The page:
Excellent advice about the referral to the University of Chicago's celiac website!  Usually the genetic test for celiac disease is given after the DGP and TTG tests as a means of ruling out celiac disease.  About 30% of the population carry the genes for celiac disease but few go on to actually develop it.  Besides the TTG and DGP tests, patients should be given an IGA deficency test to validate the TTG iga and DGP IGa tests.   

 

Based on most leading researchers (including the University of Chicago), Most doctors recommend 8 to 12 weeks of consuming gluten daily prior to a celiac blood panel.  In the case of a failure to thrive in a baby, I would work with my doctor to insure the health of my child and deal with a diagnosis later even if that mean going gluten free as a test.  I would encourage the original poster to read our coping section and learn about hidden sources of gluten and cross contamination.  Both mom and baby can test for celiac later once baby has gained weight and is no longer in danger.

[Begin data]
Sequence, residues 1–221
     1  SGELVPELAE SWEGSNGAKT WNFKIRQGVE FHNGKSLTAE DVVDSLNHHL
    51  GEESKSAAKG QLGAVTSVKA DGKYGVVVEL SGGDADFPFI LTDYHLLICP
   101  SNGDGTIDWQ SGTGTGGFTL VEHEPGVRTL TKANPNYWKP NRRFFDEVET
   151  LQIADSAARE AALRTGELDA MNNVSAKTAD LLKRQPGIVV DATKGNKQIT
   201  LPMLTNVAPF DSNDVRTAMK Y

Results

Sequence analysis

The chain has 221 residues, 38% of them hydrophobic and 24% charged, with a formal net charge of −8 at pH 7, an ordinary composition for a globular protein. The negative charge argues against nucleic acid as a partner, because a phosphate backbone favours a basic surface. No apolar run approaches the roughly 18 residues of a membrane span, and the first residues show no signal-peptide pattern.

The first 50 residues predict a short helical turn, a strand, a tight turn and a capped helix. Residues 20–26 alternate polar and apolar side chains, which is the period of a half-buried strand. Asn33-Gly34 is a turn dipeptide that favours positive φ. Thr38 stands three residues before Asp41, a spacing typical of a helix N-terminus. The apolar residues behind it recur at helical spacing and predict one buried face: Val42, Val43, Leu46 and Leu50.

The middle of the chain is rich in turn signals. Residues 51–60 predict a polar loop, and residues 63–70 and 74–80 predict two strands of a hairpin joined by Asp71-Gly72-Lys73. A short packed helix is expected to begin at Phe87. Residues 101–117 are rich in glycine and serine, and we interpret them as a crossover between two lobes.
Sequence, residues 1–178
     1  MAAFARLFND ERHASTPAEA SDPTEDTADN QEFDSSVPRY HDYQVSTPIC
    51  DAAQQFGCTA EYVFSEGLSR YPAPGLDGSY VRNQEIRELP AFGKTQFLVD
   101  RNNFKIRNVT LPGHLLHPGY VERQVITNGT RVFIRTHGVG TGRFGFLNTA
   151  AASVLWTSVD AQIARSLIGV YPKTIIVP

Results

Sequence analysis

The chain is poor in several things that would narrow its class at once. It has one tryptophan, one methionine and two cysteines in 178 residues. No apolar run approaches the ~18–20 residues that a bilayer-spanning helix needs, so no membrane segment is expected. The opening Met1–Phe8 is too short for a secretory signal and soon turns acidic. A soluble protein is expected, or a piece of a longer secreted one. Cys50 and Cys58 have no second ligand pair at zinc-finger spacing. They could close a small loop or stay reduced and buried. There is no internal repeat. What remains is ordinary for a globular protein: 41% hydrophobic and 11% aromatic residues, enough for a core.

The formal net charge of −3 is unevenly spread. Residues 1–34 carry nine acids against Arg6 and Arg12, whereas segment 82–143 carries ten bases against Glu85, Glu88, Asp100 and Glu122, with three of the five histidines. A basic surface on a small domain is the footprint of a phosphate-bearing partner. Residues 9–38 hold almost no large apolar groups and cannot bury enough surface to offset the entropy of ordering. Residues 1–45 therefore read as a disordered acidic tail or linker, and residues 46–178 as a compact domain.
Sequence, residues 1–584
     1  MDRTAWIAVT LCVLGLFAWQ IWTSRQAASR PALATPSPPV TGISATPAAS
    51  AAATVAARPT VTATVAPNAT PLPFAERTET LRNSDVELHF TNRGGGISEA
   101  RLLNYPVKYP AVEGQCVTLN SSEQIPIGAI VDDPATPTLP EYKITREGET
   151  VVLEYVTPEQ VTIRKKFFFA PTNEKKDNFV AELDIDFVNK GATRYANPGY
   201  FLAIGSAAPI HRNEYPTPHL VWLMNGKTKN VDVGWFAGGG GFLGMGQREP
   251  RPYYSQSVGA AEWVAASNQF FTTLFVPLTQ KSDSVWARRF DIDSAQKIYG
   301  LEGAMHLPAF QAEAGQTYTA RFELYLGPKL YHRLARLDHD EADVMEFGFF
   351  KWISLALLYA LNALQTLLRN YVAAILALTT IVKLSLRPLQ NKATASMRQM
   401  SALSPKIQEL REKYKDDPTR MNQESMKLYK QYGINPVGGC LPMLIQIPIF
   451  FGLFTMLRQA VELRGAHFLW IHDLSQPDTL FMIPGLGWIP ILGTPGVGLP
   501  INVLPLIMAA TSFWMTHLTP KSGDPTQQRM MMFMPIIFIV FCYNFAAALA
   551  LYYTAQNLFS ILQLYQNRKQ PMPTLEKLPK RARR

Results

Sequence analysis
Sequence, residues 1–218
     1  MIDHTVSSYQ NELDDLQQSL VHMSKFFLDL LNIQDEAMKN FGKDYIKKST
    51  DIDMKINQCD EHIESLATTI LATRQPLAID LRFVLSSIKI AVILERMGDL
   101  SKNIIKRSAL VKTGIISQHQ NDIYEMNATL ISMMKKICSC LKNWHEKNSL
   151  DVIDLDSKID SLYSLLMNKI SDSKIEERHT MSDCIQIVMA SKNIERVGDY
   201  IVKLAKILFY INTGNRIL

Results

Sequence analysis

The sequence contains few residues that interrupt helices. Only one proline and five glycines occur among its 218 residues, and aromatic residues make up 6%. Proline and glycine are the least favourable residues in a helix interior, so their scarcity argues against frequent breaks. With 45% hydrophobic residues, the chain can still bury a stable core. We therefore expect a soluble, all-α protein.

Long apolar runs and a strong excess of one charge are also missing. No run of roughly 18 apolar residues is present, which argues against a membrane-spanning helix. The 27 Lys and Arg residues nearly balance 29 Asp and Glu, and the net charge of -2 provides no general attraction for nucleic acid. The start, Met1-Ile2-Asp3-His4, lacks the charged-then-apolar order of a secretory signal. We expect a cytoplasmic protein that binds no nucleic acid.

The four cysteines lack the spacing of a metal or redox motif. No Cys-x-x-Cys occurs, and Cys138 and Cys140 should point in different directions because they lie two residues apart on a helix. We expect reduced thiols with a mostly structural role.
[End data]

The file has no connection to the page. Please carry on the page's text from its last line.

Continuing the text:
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Hashimoto's Thyroiditis -- Stable 2014

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Celiac.com - Celiac Disease Board Moderator

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Thank you both so much for replying. In my panic and guilt after being told my child has ftt due to most likely celiac, I didn't realise there was a baby section. It is reassuring to know she has a chance of catching up in growth and I can totally relate to the tiny 'genius' baby talking and walking!!! When I tell people her real age they just gasp. They are more surprised of her age then seeing a supposed 6 month old walk and say hi!